Early Times to the 17th Century
The first permanent settlers were an Amerindian tribe called Siboney who came to the area around 2900 BC. They were followed by the Arawaks who arrived around the 1st century AD and called Antigua ‘Wadadli,’ a name still used today. Around AD 1200 the Arawaks were forced out by invading Caribs, who used the islands as bases for their forays in the region, but apparently didn’t settle them.
Columbus sighted Antigua in 1493 and named it after a church in Seville, Spain. In 1632 the British colonized Antigua, establishing a settlement at Parham, on the east side of the island. The settlers started planting indigo and tobacco, but a glut in the supply of those crops soon drove down prices, leaving growers looking for something new.
Colonial Times to the Present
In 1674 Sir Christopher Codrington arrived on Antigua and established the first sugar plantation, Betty’s Hope. By the end of the century, a plantation economy had developed, huge numbers of slaves were imported, and the central valleys were deforested and planted with cane. Britain had annexed Barbuda in 1628 and granted it to the Codrington family in 1680. After the slave trade was abolished in 1807, the Codringtons established a 'slave breeding farm' on Barbuda, which remained in operation until slavery as such was abolished in 1834. In 1860 Barbuda reverted back to the Crown and became a dependency of Antigua.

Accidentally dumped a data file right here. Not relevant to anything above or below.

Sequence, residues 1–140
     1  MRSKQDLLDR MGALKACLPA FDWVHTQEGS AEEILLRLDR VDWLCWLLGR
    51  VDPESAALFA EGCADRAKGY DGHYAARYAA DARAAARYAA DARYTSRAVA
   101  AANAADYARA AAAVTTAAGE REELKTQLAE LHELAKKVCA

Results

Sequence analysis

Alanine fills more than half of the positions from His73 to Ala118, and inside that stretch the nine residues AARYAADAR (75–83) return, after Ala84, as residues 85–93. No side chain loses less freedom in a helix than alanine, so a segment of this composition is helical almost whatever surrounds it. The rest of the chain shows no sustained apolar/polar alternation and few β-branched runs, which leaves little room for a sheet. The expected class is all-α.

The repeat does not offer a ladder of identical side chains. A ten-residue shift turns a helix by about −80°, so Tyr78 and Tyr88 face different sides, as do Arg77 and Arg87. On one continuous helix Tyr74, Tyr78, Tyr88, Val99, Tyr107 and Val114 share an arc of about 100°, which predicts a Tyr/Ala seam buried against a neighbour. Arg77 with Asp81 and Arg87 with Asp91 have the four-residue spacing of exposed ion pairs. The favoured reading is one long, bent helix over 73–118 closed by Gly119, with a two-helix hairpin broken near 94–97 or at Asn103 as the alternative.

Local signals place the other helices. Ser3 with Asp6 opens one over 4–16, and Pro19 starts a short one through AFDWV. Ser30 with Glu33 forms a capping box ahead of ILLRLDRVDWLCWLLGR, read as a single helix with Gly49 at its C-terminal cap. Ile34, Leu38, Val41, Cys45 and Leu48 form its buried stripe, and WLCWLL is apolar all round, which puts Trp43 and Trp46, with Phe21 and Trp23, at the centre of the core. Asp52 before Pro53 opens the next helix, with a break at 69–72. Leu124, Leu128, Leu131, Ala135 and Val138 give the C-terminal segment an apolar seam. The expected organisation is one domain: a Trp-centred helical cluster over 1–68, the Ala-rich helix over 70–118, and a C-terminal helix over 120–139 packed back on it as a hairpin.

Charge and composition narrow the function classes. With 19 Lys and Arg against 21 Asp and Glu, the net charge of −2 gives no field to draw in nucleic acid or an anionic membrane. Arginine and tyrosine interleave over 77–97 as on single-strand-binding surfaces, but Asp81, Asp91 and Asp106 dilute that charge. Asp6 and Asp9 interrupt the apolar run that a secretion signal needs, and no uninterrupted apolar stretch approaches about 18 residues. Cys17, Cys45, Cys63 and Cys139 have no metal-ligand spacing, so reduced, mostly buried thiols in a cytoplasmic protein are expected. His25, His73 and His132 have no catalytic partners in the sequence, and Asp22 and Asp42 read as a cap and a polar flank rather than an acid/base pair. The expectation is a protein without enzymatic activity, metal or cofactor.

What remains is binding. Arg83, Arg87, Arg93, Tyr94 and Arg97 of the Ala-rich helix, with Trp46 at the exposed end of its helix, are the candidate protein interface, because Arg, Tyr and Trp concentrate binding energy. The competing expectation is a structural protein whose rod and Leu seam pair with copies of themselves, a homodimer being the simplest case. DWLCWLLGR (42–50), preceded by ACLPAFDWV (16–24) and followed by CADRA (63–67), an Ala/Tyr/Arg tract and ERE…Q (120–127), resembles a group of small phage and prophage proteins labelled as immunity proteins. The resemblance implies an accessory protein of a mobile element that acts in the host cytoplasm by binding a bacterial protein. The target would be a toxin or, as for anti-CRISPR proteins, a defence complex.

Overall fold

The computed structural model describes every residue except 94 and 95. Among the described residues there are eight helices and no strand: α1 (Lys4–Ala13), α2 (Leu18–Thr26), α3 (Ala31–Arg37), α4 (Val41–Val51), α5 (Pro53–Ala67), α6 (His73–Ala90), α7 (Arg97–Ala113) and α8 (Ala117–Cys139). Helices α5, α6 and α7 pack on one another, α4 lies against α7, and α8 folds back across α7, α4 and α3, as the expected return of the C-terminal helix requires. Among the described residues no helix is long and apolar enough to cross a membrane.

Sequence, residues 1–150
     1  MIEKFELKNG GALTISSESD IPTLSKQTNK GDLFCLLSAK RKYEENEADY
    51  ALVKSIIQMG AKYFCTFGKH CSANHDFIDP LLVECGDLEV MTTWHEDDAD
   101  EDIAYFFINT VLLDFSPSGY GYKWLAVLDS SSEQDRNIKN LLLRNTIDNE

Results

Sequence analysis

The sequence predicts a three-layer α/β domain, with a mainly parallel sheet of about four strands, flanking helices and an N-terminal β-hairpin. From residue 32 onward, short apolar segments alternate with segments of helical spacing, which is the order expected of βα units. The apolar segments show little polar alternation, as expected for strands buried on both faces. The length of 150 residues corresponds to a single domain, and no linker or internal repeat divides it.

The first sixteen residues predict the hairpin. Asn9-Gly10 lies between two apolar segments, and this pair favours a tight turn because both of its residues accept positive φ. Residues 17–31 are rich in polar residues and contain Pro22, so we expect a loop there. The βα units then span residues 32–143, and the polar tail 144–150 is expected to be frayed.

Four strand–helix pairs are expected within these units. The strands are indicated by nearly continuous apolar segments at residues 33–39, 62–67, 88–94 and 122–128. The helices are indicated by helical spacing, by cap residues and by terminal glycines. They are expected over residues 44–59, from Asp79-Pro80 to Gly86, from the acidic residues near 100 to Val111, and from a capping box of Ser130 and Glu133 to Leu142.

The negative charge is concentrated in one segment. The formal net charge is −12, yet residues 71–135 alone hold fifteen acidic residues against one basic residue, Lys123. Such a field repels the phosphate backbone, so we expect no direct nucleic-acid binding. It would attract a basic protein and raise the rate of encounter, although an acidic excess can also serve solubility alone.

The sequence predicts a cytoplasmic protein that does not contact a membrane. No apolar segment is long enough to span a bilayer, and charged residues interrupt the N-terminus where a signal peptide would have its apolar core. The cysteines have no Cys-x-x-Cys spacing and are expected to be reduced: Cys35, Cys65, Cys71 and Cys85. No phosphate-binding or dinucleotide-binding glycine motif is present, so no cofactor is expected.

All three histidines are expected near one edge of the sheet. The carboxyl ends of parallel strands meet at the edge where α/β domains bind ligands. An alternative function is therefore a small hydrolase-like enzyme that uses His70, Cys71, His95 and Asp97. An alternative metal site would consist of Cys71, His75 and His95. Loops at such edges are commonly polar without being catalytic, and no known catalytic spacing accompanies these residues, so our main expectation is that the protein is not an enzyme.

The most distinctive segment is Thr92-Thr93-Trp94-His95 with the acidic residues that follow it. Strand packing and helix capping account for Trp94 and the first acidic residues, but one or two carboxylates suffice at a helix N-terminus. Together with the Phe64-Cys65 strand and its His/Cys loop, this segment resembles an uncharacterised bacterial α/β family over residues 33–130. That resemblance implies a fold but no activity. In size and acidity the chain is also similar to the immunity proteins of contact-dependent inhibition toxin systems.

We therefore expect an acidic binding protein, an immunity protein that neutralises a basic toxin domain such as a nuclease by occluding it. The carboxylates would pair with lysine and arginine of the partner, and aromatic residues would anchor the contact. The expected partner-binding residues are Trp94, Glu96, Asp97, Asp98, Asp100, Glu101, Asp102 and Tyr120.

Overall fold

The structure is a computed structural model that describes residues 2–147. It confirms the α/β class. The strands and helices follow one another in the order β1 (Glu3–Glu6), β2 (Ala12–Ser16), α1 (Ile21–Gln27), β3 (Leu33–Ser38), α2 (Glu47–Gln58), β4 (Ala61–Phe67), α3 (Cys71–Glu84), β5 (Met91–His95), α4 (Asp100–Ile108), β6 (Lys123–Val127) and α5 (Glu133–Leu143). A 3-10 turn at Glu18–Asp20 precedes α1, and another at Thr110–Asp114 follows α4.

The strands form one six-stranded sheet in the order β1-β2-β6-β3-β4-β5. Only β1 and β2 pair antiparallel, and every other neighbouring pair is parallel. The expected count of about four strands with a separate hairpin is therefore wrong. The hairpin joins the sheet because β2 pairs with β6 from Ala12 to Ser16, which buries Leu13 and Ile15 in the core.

As Antigua prospered, the British built numerous fortifications around the island, turning it into one of their most secure bases in the Caribbean. The most heavily fortified area was English Harbour, where the Caribbean fleet of the British Royal Navy was based from 1725 until 1854. What is today’s Nelson’s Dockyard was continually expanded and improved throughout the 18th century. Other forts were Fort James and Fort Barrington who protected the harbor of St John’s.
With the abolition of slavery, the plantations went into a steady decline. Unlike on some other Caribbean islands, the land was not turned over to former slaves when the plantations went under, but was instead consolidated under the ownership of a few landowners. Many former slaves moved off the plantations and into shantytowns, while others crowded onto properties held by the church.
Road to Independence
A military-related construction boom during WWII, and the development of a tourist industry during the postwar period, helped spur economic growth. A first step in Antigua's road to independence was the West Indies Act of 1967 in which Britain granted the island control over domestic issues while retaining responsibility for external issues and defense. Finally, on November 1, 1981, Antigua and Barbuda became an independent state within the British Commonwealth with Vere Cornwall Bird as its first prime minister.